October 10, 2016, 3:15pm EST
I talked last week about the move in oil, and the lag in natural gas.
But natural gas was knocking on the door of a technical breakout. As you can see, that breakout looks to be underway now.
Nat gas is now at $3.25. If history is any indication, it could be in the low $4s soon.
That’s helped by chatter today from OPEC members out vocally supporting the production cut that was agreed to two weeks ago. And the Secretary General of OPEC piled on today by saying the sharp contraction in investments (due to low prices) poses a threat to global oil supply. As we’ve discussed, for those that had the “oil price to zero” arguments earlier in the year, supply changes, so does demand.
With all of this, oil continues to climb higher, testing the June highs today. Here’s another look at the chart.
A break above the June highs of $51.67 would project a move to near $65 (technically speaking, it’s a C-wave). Another big technical level above is $68.60, which is the 61.8% retracement of the move down from almost $95 in late 2014, to the lows of earlier this year. That’s the breakdown in oil prices driven by OPEC’s 2014 refusal to cut production. And now were on the verge of getting the first cut in eight years. So oil is looking like higher levels are coming — it was up another 3% today.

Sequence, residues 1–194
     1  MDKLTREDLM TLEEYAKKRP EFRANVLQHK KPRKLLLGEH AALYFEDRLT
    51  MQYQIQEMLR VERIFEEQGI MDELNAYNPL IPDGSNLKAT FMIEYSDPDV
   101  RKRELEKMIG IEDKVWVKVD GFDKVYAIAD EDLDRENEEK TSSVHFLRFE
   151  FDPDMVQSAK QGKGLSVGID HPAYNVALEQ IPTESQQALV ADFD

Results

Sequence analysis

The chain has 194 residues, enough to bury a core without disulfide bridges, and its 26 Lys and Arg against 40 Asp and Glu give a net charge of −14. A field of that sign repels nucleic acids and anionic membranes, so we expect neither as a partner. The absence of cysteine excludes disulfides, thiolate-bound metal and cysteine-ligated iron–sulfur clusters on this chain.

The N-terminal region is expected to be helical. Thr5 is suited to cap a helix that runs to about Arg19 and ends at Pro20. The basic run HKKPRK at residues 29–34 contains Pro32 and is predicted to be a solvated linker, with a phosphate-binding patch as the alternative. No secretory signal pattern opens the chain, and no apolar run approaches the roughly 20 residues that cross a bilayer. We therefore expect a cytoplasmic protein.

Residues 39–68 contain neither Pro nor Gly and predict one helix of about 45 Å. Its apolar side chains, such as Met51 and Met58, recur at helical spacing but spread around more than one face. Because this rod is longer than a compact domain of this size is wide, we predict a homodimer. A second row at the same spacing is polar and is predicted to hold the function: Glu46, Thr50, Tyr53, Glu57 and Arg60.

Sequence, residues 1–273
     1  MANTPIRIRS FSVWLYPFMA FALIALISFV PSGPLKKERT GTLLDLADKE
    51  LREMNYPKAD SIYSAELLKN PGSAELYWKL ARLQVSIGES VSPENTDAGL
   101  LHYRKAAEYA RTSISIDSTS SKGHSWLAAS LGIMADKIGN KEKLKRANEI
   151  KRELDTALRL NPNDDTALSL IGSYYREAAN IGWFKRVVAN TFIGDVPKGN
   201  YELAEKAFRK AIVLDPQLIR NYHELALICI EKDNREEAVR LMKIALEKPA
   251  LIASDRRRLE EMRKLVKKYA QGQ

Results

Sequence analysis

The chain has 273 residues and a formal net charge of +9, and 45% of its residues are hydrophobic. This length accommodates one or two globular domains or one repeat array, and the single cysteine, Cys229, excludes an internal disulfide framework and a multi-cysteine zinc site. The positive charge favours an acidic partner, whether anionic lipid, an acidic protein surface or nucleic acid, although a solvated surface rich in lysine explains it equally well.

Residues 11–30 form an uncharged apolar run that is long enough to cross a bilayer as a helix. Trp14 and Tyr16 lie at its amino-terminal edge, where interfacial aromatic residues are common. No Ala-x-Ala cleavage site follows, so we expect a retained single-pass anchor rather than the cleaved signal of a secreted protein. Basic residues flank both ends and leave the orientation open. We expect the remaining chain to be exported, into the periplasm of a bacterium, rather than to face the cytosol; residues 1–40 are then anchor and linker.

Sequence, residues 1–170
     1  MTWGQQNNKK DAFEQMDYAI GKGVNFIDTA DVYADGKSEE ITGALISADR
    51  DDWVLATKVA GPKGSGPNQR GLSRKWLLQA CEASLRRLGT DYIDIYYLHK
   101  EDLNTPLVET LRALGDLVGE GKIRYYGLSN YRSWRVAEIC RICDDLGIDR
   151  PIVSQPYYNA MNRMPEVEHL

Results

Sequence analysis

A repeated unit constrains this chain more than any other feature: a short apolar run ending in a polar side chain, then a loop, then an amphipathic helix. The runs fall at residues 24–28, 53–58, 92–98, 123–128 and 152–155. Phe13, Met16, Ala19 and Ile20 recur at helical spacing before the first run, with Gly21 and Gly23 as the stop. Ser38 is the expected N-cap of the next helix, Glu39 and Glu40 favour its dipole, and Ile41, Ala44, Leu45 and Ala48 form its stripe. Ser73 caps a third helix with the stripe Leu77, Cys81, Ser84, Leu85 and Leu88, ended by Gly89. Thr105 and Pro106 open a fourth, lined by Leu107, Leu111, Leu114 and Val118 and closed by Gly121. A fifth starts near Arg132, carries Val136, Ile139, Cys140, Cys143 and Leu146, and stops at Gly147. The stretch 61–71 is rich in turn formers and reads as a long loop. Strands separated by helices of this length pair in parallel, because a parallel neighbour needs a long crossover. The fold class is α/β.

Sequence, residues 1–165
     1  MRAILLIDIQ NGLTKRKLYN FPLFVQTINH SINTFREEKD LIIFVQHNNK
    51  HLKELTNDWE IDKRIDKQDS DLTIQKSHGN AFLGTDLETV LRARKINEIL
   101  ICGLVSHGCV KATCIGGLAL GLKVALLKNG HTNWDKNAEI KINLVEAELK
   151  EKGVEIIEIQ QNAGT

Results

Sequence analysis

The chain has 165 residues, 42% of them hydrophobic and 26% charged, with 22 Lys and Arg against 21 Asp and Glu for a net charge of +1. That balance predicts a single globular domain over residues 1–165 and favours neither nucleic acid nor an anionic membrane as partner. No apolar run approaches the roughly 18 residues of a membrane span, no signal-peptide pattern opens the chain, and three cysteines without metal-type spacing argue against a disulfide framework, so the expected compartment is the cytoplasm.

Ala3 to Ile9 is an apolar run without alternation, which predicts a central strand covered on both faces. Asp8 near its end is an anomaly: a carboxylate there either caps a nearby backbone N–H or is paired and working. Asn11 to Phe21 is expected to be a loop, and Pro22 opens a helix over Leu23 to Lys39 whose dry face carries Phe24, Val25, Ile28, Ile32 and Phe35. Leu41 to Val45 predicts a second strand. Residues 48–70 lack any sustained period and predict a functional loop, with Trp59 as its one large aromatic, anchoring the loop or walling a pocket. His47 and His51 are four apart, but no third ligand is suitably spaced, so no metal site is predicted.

What’s does it mean for stocks? As we’ve discussed, for much of the year, lower oil has meant lower stocks, and higher oil has meant higher stocks.
This emerging bullish technical and fundamental backdrop for energy should be very good for stocks. Remember, higher energy prices, in this environment, removes the risk of another oil price shock-to-sentiment (good for stocks, good for the economy). And it means producers can start producing again, downstream businesses can fill capacity, and we can start seeing some of the hundreds of thousands of U.S. jobs replenished that have been lost over the past two years.
Since OPEC rigged lower oil prices back in late 2014, we’ve had over 100 North American energy company bankruptcies. Some of those have/are reorganizing and emerging with lean balance sheets into what could be a hot recovery in energy prices. I’ll talk about some tomorrow.
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